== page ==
Energetic and endurance constraints on great ape quadrupedalism and the benefits of hominin bipedalism

David A. Raichlen, Herman Pontzer

Research output: Contribution to journalArticlepeer-review

1 Scopus citations


Bipedal walking was one of the first key behavioral traits that defined the evolution of early hominins. While it is not possible to identify specific selection pressures underlying bipedal evolution, we can better understand how the adoption of bipedalism may have benefited our hominin ancestors. Here, we focus on how bipedalism relaxes constraints on nonhuman primate quadrupedal limb mechanics, providing key advantages during hominin evolution. Nonhuman primate quadrupedal kinematics, especially in our closest living relatives, the great apes, are dominated by highly flexed limb joints, often associated with high energy costs, and are constrained by the need to reduce loads on mobile, but less stable forelimb joints. Bipedal walking would have allowed greater hind limb joint extension, which is associated with reduced energy costs and increased endurance. We suggest that relaxing these constraints provided bipedal hominins important benefits associated with long distance foraging and mobility.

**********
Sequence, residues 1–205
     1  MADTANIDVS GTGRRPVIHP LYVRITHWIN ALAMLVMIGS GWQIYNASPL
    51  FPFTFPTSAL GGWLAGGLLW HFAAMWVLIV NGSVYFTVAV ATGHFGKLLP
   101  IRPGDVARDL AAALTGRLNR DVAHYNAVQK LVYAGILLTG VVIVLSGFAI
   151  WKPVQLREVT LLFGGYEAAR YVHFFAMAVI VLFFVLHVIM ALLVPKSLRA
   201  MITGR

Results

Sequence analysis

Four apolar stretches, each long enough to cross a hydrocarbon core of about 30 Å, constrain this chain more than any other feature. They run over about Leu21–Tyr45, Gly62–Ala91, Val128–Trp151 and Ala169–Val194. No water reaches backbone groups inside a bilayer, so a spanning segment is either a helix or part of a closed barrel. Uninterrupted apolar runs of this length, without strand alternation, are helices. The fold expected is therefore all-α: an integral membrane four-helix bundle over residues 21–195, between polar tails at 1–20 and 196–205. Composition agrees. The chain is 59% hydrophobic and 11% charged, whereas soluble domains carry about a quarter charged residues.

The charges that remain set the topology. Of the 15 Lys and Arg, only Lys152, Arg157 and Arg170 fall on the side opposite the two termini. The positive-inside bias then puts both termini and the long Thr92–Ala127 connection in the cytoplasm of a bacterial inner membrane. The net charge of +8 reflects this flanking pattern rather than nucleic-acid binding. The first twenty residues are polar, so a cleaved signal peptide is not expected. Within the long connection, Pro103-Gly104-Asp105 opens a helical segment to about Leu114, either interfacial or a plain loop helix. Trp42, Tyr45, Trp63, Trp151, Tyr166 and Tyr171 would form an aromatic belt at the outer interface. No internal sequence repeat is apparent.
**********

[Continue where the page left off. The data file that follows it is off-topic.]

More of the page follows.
Original languageEnglish (US)
Pages (from-to)253-261
Number of pages9
JournalEvolutionary Anthropology
Issue number4
StatePublished - Jul 2021


  • bent-hip bent-knee
  • chimpanzee
  • evolution
  • fatigue
  • locomotion

ASJC Scopus subject areas

  • Anthropology


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